An uptick in COVID-related BI claims is expected following the UK FCA test case, primarily from the hospitality sector

The High Court’s test case decision regarding the wide area damage principle, initially seen within the 2010 Orient Express Hotels v Assicurazioni Generali case, is “one of the most important take aways” for calculating the quantum of Covid-19-related business interruption (BI) claims, according to sister publication Insurance Times.

According to Sareena Bamrah, director at UK independent claims preparation firm Accuracy, how the wide area damage test will “play a part in the quantification of these claims” is the “question on everybody’s lips”.

In the Orient Express case, the hotel submitted a claim after its premises was damaged during Hurricane Katrina in 2005, however the insurer involved rejected this, stating that regardless of whether the hotel was damaged or not, it would still have been unable to trade because of the large scale evacuation of the area and the state-wide decimation.

The court agreed with the insurer, but in the end the parties made an out-of-court settlement.

This ‘but for’ methodology was cited by a number of insurers during the FCA’s test case, yet the presiding High Court judges disagreed with their colleagues’ initial judgment.

Bamrah explained: “It’s very interesting to learn that if that case was heard again now, that it would have been ruled in an opposite way, where wide area damage would not have played a part in the claim calculation.

“That’s been very important because I think where policyholders will be penalised will be around that issue and whether or not they would have still generated revenue or profit ‘but for’ the pandemic, with all the government restrictions in place and the movement of people, closure orders, etc.

”I think that’s been perhaps one of the most important take aways from a quantification perspective.”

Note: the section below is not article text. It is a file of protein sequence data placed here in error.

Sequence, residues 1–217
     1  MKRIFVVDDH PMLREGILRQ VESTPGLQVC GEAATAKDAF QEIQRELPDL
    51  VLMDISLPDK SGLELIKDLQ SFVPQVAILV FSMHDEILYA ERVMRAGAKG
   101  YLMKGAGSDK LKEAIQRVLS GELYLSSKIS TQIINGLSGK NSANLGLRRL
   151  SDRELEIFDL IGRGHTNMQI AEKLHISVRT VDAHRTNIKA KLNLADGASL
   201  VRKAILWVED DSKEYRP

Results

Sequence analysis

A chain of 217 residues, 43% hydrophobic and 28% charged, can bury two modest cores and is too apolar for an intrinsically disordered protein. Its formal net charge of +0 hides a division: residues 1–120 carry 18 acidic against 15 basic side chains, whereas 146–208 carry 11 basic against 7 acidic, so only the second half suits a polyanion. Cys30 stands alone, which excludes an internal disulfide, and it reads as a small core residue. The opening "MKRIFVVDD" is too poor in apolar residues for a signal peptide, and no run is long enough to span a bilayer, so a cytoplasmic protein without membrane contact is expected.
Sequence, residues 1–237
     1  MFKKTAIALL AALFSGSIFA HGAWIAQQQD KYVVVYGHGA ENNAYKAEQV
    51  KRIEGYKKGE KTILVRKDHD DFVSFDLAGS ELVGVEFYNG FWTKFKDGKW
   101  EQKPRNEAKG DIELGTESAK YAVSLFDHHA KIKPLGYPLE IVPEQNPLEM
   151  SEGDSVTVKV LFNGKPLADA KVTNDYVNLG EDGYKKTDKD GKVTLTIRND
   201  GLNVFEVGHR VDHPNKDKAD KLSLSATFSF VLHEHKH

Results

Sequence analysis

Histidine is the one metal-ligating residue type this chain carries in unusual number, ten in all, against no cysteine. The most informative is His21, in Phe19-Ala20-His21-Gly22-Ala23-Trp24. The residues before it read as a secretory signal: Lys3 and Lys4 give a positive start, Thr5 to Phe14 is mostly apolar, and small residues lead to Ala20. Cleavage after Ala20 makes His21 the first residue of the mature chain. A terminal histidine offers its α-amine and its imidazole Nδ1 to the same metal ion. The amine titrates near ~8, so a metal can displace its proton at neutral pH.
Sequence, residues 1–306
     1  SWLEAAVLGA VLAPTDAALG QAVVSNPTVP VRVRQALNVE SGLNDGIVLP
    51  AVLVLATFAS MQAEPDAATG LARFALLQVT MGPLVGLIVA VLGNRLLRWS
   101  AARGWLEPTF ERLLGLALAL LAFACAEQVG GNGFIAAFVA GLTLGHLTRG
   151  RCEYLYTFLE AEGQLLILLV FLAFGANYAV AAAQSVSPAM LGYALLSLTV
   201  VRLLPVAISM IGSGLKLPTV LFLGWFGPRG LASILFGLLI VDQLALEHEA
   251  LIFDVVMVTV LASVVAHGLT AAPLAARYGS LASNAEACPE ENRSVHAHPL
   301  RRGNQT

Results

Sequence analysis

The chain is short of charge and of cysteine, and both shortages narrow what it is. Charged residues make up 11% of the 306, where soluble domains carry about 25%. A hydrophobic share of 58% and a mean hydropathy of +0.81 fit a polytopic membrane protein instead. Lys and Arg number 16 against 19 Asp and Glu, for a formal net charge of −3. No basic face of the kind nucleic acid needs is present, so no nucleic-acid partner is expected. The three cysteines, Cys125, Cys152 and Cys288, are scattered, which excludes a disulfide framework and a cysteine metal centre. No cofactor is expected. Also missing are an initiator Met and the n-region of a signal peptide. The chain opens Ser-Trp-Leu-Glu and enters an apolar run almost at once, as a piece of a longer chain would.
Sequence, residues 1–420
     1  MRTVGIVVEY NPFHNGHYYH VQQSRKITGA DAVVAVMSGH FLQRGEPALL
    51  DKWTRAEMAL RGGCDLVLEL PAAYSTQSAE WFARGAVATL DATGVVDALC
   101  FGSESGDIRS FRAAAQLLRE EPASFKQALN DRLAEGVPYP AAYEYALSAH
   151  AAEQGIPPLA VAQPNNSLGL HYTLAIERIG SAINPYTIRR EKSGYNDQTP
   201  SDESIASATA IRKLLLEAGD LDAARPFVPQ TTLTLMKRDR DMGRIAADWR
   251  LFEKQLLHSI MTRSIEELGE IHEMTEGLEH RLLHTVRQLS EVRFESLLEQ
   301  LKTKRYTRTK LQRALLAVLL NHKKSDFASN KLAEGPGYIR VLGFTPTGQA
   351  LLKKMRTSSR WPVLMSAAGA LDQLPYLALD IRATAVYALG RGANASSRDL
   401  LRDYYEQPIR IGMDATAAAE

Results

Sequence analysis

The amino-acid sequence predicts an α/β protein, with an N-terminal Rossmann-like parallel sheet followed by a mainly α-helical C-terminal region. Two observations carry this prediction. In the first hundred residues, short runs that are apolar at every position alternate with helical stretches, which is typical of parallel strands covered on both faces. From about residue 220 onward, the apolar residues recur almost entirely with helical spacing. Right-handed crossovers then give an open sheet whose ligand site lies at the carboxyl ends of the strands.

Bamrah added that quantifying claims could, therefore, be “very subjective” and that insurers have “got a difficult job” ahead of them.

“I think everybody involved will have a view on how the quantification should be undertaken to reflect some of those adjustments,” she said.

The FCA and a number of the insurers involved in the test case have confirmed that they are appealing the High Court judgment – it was agreed on 2 October that the appeals process will leapfrog straight to the Supreme Court.

Claims spike

Bamrah noted that her firm has “seen a spike in claims – obviously as a result of Covid”.

Furthermore, she believes that there will now be an uptick in BI claims linked to the pandemic “because there was a number of insureds that perhaps had no idea that they could put forward a claim resulting from Covid and so I think there will be a lot more insureds who are now perhaps going to try and make a claim”.

Primarily, claims will centre on the hospitality industry, she added.

“The hospitality [sector] has taken the hardest hit with closure and the movement of people. In fact, the cases that we’re working on at present are within the hospitality industry,” she said.

Unanswered questions

For Peter Diskin, chief client officer for the UK at Gallagher Bassett, there are still a number of “unanswered questions” when it comes to quantifying BI claims linked to the pandemic.

He said: “There’s still some unanswered questions around what applies and what doesn’t and there’s no blanket answer on it. The judge basically says that.”

For example, Diskin explained that identifying the policy trigger itself can still prove difficult following the High Court’s ruling. “Do insurers need to amend their wordings – I think the answer is yes, but it still remains unanswered as to what that wording should be,” he added.

Furthermore, Diskin asked whether insurers will need to agree on a standardised definition of pandemics to be used across the industry, such as has been done for floods and terrorism, “to ensure we’re not in this ambiguous situation again”.